Did you get a good night’s sleep? Did the extra hour in bed make you wake up feeling refreshed? If you answered “yes” to either of these questions, you have your amazing brain to thank.
Researchers at Boston University have gained a greater understanding as to what happens in the brain during sleep. As the brain’s activity slows down and your neurons stop firing, you gradually settle into sleep. It’s during this serene period that your brain starts its housekeeping. While you sleep, blood rapidly drains out of the brain, resulting in a loss of pressure, with cerebrospinal fluid (CSF) rushing in to restore balance.
With the aid of magnetic resonance imagery, the research team was able to see for the first time the rhythmic and pulsating waves of CSF in the brain. It is very similar to how a washing machine oscillates the water in the drum to do your laundry – effectively “brainwashing” you. The theory is that as the brain slows down, it requires fewer nutrients, and the body reduces blood supply to the brain, believed to be the precursor to the “brainwashing” process.
How exactly this fine-tuned waltz between the reduction in blood flow to the brain and the release of CSF to replace it happens remains a mystery. CSF has been previously associated with the removal of toxins from the brain, including beta-amyloid known to be linked to Alzheimer’s disease.
Disrupted sleep patterns affect 50 million to 70 million Americans of all ages and are a hallmark of numerous mental health and neurological disorders, including depression, anxiety, post-traumatic stress disorder, dementia and autism. Disrupted sleep increases the severity, duration and relapse rates for the majority of mental health disorders, suggesting that toxin buildup in the brain may be a contributing factor.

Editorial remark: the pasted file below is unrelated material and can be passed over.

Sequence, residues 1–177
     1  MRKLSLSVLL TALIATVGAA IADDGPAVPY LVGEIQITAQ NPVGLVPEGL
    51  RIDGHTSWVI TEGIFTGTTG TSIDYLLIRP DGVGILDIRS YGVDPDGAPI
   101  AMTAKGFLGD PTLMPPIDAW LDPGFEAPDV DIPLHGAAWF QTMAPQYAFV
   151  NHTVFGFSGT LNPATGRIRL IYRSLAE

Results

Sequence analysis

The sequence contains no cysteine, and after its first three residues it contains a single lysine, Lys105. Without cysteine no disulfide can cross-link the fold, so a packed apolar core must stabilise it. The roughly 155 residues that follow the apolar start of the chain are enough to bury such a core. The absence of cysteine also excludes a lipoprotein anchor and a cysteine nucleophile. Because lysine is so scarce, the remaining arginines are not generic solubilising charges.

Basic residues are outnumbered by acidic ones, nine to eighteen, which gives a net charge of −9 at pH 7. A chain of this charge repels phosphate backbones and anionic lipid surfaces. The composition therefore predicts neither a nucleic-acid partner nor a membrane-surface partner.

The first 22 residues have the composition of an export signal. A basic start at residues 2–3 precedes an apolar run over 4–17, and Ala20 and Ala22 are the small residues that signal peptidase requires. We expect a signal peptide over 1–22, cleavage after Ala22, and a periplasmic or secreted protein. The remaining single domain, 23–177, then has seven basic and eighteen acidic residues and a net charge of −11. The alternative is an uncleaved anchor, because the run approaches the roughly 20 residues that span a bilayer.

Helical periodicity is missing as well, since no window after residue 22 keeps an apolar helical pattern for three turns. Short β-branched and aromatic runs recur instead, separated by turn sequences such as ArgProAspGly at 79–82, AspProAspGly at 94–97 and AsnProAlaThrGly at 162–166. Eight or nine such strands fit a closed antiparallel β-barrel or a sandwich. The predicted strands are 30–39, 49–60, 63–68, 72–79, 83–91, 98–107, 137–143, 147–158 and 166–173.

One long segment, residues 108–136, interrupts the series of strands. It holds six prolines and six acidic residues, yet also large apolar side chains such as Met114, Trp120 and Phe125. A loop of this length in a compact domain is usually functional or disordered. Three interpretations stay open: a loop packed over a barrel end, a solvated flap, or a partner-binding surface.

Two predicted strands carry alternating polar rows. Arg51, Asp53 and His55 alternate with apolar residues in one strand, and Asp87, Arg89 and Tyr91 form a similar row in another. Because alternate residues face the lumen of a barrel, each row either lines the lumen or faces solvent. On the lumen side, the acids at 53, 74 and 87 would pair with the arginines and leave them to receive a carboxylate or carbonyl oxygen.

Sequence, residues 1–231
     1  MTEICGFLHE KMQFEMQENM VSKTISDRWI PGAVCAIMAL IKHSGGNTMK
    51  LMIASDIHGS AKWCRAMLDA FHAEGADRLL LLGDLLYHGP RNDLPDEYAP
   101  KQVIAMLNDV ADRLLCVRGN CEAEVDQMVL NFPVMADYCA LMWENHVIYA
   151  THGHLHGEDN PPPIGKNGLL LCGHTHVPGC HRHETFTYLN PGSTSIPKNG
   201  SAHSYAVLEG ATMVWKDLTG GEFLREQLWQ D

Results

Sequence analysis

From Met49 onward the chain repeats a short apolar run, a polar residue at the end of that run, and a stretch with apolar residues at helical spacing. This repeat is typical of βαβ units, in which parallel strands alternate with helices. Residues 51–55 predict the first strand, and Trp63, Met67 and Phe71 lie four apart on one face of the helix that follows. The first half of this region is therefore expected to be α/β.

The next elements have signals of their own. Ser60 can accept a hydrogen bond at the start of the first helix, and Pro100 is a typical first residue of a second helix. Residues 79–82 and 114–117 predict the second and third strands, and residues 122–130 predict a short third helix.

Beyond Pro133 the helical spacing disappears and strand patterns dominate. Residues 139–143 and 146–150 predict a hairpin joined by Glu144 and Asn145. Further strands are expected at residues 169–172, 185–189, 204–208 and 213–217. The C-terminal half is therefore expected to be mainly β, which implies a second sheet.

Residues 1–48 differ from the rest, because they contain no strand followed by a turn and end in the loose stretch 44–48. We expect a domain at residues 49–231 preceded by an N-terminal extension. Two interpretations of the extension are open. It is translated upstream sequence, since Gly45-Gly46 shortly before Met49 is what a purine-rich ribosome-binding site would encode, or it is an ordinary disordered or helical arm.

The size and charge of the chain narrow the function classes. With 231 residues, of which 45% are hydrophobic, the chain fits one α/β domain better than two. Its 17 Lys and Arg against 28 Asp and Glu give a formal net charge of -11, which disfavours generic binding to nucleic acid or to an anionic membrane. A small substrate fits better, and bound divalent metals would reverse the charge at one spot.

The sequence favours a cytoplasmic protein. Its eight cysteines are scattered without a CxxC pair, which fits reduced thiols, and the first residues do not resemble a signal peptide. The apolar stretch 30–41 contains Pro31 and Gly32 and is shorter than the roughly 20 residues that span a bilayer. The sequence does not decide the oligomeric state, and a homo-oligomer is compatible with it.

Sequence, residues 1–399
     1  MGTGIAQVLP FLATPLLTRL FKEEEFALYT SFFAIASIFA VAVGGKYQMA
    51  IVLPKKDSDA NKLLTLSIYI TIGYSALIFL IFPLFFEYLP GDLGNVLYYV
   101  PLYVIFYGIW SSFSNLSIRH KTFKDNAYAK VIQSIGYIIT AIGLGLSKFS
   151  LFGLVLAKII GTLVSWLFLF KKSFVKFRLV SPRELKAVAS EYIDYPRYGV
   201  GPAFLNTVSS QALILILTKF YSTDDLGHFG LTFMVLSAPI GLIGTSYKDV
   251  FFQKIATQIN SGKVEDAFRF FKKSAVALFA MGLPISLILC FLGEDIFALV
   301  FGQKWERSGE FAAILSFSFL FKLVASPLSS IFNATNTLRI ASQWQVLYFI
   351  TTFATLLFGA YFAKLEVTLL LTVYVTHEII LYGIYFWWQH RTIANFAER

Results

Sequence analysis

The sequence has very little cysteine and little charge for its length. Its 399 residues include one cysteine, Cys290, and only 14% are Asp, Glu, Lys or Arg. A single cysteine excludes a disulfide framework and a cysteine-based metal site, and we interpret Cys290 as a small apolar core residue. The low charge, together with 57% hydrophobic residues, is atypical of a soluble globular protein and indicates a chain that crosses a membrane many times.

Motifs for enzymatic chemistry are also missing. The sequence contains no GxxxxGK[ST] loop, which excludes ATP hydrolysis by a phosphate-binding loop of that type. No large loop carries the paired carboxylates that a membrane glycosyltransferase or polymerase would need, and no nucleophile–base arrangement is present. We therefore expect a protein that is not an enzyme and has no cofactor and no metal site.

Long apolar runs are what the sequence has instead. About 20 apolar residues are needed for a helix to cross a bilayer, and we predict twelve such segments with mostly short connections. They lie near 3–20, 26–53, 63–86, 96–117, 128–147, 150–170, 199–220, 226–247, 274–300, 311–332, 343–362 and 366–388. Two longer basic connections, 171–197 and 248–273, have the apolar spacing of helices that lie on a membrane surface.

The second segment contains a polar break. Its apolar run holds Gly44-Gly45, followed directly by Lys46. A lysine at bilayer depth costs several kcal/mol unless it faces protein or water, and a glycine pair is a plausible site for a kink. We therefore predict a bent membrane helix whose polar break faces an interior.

We know that as the brain ages, the intensity of CSF waves reduces and may explain the decline in cognitive function and memory. Fortunately, recent studies have shown that treatments that promote sleep – either with pharmacological or nonpharmacological approaches – may reduce and even prevent mental and neurological disorders by encouraging “brainwashing” to speed up the removal of toxin buildup.
Rita Hitching is a local researcher and teacher who writes on teen brain development. She aims to help teens understand themselves by using the latest neuroscience data to explain how the teen body and brain develop and publishes those explanations on her website, teenbrain.info.